Like Anjela, Garibyan often finds herself under the scrutiny of Instagram’s content policies. She said her account was shut down for two months in 2018 and deactivated twice for shorter windows in 2019.
„2019 was a really bad year for cannabis users,” she said. „Everyone was deleted left and right. I know a lot of YouTube users got removed, but almost all of them got their pages back.”
YouTube didn’t honor a cannabis creator when he a hit follower milestone
While Instagram has recently become an important platform for cannabis influencers to reach new audiences, YouTube has long been a destination for marijuana creators looking to connect with fans.
Alex Arav began posting cannabis content on YouTube in 2011. He runs the account Lex Blazer, a verified YouTube channel with 168,000 subscribers that discusses cannabis culture, horticulture, and „legal developments/science around the plant,” according to the channel’s description.
„Initially I saw that there was nobody who was creating half-decent cannabis content on YouTube, especially in the horticulture segment of it,” he said.
Arav lives in British Columbia, Canada, where recreational cannabis is federally legal. But he said he still had his account deactivated at various points by YouTube and other social platforms.
YouTube closed his account in 2013, but he was able to reactivate it in 2014, he said. The platform frequently suspends his account for community-guideline violations related to his cannabis content, blocking him from uploading videos for weeks at a time, he said.
The company also decided not to award Arav the Silver Creator Award plaque, an honor given to creators who pass 100,000 subscribers. „Creator Awards are given at YouTube’s discretion, and only to creators that follow the rules,” the company told him in an email reviewed by Business Insider.
YouTube’s policy says it will „only recognize creators who follow our guidelines” and „reward creators who keep their accounts in good standing without copyright strikes or violations of YouTube’s Community Guidelines or Terms of Service.”
YouTube allows content that depicts cannabis use but applies age restrictions so videos are accessible for users above the age of 18 only. The company doesn’t run advertising on cannabis videos and will remove posts that feature „hard or soft drugs” that appear to have the goal of selling them.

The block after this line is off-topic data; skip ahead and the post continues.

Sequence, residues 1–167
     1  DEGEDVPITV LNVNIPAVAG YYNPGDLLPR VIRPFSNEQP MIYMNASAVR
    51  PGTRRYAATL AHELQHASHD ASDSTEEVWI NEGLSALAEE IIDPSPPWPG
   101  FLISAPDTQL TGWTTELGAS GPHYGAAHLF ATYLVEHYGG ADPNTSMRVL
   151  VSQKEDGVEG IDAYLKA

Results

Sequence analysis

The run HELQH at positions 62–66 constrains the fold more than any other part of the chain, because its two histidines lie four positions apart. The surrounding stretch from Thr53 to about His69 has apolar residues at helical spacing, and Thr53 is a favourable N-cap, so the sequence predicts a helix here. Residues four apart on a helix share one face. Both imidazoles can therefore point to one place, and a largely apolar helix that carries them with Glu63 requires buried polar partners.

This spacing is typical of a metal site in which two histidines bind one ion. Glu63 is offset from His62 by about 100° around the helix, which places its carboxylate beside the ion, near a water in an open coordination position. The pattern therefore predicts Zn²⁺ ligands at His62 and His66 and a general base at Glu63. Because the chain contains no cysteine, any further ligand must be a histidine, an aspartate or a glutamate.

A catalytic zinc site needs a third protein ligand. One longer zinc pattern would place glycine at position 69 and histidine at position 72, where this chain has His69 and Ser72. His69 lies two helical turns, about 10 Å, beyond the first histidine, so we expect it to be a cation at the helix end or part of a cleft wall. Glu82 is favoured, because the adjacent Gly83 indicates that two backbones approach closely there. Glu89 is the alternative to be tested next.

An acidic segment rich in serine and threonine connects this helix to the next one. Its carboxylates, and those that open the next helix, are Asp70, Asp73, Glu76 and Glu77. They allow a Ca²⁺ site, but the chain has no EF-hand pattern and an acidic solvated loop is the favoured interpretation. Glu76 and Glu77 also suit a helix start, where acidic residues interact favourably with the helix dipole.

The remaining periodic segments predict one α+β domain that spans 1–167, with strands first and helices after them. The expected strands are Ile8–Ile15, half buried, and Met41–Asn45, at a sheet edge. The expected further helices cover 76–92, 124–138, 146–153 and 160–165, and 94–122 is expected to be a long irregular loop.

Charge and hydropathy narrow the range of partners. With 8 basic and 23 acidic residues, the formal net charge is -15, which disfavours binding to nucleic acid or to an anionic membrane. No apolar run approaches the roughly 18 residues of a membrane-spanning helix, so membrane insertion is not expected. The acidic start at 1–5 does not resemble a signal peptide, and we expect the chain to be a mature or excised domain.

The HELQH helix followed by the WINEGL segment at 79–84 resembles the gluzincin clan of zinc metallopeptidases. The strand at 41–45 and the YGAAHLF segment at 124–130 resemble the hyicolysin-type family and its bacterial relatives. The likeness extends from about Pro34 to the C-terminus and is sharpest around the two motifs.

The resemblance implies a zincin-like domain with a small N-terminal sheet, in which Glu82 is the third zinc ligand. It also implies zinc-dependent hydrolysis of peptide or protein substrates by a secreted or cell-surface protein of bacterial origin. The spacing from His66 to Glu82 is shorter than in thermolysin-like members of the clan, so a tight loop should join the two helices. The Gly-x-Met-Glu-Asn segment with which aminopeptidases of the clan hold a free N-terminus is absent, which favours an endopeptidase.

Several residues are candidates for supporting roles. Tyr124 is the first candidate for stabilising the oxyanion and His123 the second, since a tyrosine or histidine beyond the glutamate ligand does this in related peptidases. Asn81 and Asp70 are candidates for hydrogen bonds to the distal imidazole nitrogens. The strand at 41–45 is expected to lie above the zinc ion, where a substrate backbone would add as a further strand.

Arav earns revenue from promoted content on his YouTube videos. He charges between $500 and $600 dollars for a sponsored product review and between $300 and $350 to include a „brought to you by” message from a brand at the start of a video. His account was demonetized for Google-placed ads — the way many YouTube influencers earn a living — because of the company’s policies around cannabis content.
„Other channels within my size range could make a couple thousand dollars if they’re ad-friendly,” Arav said.
„It’s actually been pretty crazy for various cannabis creators because YouTube has very unclear rules on this type of content,” he said. „My content is more educational. More about horticulture rather than stoner-type topics. YouTube has some allowances for educational-type content.”
Because he knows his account could be shut down at any time, Arav doesn’t rely on YouTube as his sole source of income. He posts videos on cannabis-friendly platforms like TheWeedTube, makes money trading stocks, and works casually as a commercial grower in British Columbia.
Diversifying into other revenue streams is important for cannabis creators who work full time as influencers
Because YouTube and Instagram deactivate cannabis accounts regularly, many creators in the space have found ways to earn revenue that do not involve the social platforms.
Arav earns about a third of his internet-based revenue from affiliate links to cannabis-centric products on Amazon. He set up an affiliate seller page, Lex’s Choice Grower and Head Shop, that he links to on his YouTube channel. Arav also runs a Patreon account on which subscribers can pay for one-on-one consultations about cannabis horticulture, and he makes a small amount of revenue from merchandise sales.
Garibyan said she was using her Trippy Treez’s fame to launch a CBD skin-care brand in the coming months. She also does social-media consulting for brands.
Anjela has moved beyond posting sponsored content on her Koala Puffs accounts to building a diversified business that includes touring and events, her own line of CBD gummies, and gigs in music and film — she was recently cast in a new comedy movie, „4/20,” and is releasing a single, „Smoking By Myself (feat. MacDizzle),” later this year.
„I’m in this for the long haul,” she said. „I have really big goals for businesses that I want to open, and it’s all long term.”
For more on how creators monetize content across YouTube, Instagram, and other platforms, check out these Business Insider Prime posts:
- YouTube stars Rhett and Link explain how algorithm changes supercharged their business to an estimated $17.5 million in yearly income: YouTube creators Rhett and Link built an 80-person media company with millions of followers. Here’s how they’ve avoided creator burnout along the way.
- How much money brands will pay for a TikTok sponsored video compared to YouTube, according to an influencer agency: Brands and creators are still determining the right way to price sponsored content on TikTok. Here’s how much one agency charges for sponsored views.
- A 'twinfluencer’ with millions of followers says he’s leaning into TikTok for brand sponsorships and getting 'low 5-figure deals’: With 15.1 million TikTok followers, Alan Stokes and his twin brother, Alex, are represented by Amp Studios, a new content studio and talent incubator.
- How much influencers get paid for sponsored posts on average with 41,000, 500,000, and over 1 million followers: Marie Mostad of Inzpire.me broke down how much influencers earn per sponsored post at various follower counts, from 40,000 to 500,000 to 1 million.